A screening of two films by pioneering Chilean filmmaker Raul Rúiz.
A screening of Chilean filmmaker Raul Rúiz’s surreal film Genealogies of a Crime (1997), starring Catherine Deneuve, Melvil Poupaud and Michel Piccoli, was presented as part of a Raúl Ruiz Weekend in July 2014. This was followed by a screening of the rarely seen director’s cut of Rúiz’s film Klimt (2006), starring John Malkovich.
The winner of the Silver Bear for outstanding artistic contribution at the 47th Berlin International Film Festival, Ruiz’s Genealogies of a Crime follows Solange (Deneuve), a defence lawyer, in her attempt to defend her client René (Poupaud) in the trial for the murder of his aunt, the Freudian psychoanalyst Jeanne (also played by Deneuve). Inspired by an actual event that took place in the 1920s, Genealogies of a Crime is a mysterious and surreal film that “glistens with paradoxical wit” (Ed Kelleher, Film Journal International).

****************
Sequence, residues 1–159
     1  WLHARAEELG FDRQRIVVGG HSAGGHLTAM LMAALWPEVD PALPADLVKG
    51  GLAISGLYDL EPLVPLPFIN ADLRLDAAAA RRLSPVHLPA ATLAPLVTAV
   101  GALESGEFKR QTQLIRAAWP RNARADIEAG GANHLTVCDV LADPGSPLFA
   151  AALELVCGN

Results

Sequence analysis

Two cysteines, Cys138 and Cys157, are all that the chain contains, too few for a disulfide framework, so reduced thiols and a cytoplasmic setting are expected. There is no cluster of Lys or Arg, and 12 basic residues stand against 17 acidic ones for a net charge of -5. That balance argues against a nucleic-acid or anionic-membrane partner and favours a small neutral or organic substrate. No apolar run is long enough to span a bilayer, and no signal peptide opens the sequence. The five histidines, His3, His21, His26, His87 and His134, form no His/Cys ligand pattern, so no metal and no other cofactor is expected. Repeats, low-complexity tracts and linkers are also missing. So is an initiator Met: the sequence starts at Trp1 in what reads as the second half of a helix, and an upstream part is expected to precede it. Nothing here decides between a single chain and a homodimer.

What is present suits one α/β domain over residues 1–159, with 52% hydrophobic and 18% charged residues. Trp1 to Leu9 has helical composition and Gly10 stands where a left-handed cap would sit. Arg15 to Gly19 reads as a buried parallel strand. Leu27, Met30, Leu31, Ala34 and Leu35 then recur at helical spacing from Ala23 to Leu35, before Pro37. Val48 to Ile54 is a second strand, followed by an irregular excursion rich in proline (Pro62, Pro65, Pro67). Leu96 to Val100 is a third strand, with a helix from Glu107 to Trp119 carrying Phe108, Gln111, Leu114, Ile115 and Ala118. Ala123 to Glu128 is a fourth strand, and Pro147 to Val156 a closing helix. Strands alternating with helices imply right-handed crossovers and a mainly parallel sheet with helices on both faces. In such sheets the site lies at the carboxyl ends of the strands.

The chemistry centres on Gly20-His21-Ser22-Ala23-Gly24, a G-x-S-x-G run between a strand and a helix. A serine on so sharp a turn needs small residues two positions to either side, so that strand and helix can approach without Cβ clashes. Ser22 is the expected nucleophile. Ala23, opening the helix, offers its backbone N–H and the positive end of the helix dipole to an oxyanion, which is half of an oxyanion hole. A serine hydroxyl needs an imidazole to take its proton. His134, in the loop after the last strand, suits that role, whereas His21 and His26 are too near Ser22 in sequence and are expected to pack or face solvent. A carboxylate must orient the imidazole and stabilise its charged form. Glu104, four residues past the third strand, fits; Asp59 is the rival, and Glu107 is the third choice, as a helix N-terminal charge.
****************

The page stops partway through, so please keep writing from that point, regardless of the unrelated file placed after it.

“Elegantly creepy one minute and cheerfully absurdist the next, Genealogies of a Crime is lively and inventive, suggesting that there is more going on here than meets the eye. Of course, in the spirit of surrealism, one could argue that the reverse may also be true.” (Ed Kelleher)
Klimt documents the life and work of the painter Gustav Klimt, following his feverish death-bed visions back through his life and loves, work and friendships. Hailed as “an old-fashioned art house movie, self-consciously elegant and calculatedly enigmatic”. (Philip French, The Observer), Klimt endures as one of the most beautifully crafted artist biopics of the last 10 years. With Veronica Ferres, Stephen Dillane, Saffron Burrows and Nikolai Kinski as painter Egon Schiele.